Resources for Teachers and Students


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Grades 5-8
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for Grades K-4

May 20, 2019
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For Grades K-4 , week of Jan. 28, 2019

1. Animated Oscars

The Oscar awards have been given out for more than 90 years to honor excellence in the world of movies. One of the most popular categories for families is always the competition for Best Animated Feature because cartoon movies are very popular with kids. Voters for this year’s Oscars will have some tough choices to make, because the Animated category includes movies that drew millions of viewers to theaters. Will the Oscar go to “Incredibles 2,” “Isle of Dogs,” “Ralph Breaks the Internet,” “Spider-Man: Into the Spider-Verse” or the Japanese film “Mirai”? Also of interest to families this year is the Best Picture category, in which “Black Panther” is the first superhero movie ever to be nominated for the Oscars’ top award. As a class, discuss what movies you saw this year that you liked. Which were the most popular among your classmates? Pick one movie you liked and write a review of it for the newspaper. Use specifics from the movie to tell people what you liked about the movie, what surprised you most, and why you would recommend it to others.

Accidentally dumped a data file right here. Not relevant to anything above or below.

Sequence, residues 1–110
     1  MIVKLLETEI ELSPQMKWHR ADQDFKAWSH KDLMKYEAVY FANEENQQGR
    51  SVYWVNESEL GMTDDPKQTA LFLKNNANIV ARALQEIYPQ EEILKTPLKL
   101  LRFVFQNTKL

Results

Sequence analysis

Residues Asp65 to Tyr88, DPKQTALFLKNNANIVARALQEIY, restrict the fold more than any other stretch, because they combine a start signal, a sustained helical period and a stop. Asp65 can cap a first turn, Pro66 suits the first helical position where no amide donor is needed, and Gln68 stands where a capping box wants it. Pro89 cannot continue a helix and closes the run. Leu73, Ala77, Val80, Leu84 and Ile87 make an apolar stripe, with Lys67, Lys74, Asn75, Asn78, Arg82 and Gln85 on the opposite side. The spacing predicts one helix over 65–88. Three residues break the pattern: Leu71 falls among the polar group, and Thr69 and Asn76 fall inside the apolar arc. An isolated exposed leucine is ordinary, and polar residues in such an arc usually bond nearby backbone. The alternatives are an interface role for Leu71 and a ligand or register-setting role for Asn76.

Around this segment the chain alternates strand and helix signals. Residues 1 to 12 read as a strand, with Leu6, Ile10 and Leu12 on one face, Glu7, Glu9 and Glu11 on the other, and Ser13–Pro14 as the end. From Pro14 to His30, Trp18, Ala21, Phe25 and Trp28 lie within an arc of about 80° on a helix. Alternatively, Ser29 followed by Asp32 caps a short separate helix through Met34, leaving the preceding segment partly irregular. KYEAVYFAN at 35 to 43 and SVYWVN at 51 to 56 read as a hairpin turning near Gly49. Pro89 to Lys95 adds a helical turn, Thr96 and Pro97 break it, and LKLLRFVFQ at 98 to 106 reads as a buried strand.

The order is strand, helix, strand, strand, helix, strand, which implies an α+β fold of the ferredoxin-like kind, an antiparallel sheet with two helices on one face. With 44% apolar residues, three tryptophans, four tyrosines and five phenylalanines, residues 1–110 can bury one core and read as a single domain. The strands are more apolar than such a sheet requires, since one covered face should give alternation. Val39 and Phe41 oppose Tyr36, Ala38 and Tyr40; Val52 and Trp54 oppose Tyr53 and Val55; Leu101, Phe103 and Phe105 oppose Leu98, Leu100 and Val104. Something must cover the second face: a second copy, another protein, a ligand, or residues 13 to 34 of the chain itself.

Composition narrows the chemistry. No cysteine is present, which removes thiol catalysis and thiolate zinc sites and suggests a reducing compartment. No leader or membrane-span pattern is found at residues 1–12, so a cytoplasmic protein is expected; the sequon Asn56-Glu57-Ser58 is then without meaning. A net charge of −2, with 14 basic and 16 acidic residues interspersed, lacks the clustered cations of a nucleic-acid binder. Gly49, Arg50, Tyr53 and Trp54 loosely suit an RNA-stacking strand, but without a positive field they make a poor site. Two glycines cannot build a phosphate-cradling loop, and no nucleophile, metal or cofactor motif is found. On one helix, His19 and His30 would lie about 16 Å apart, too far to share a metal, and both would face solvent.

Common Core State Standards: Responding thoughtfully to diverse perspectives, summarizing points of agreement and disagreement; writing opinion pieces on topics or texts, supporting a point of view with reasons and information.

2. Old vs. Young

This year’s Super Bowl will be played next Sunday to determine which team will be pro football’s champion. With the New England Patriots facing the Los Angeles Rams, it will feature two very different teams. The Patriots have been to nine Super Bowls since 2002 and four of the last five. The Rams have not been to the Super Bowl since 2002, when they lost to the Patriots. The Patriots are led by the league’s oldest starting quarterback, 41-year-old Tom Brady. The Rams are led by the league’s fourth youngest quarterback, 24-year-old Jared Goff. The Patriots are coached by Bill Belichick, who has led the team since the year 2000. The Rams are coached by Sean McVay, who has been a head coach just two years. At age 33, McVay is the youngest coach in the NFL and the youngest to ever lead a team in the Super Bowl. At 66, Belichick is the league’s second oldest. Who will win this year’s Super Bowl? Search the newspaper and Internet for stories about players or coaches who could determine which team wins. Use what you read to write a short sports column, predicting which team you think will win, and why.

Common Core State Standards: Producing clear and coherent writing in which the development, organization and style are appropriate to the task; conducting short research projects that build knowledge about a topic.

3. A Threat to Trees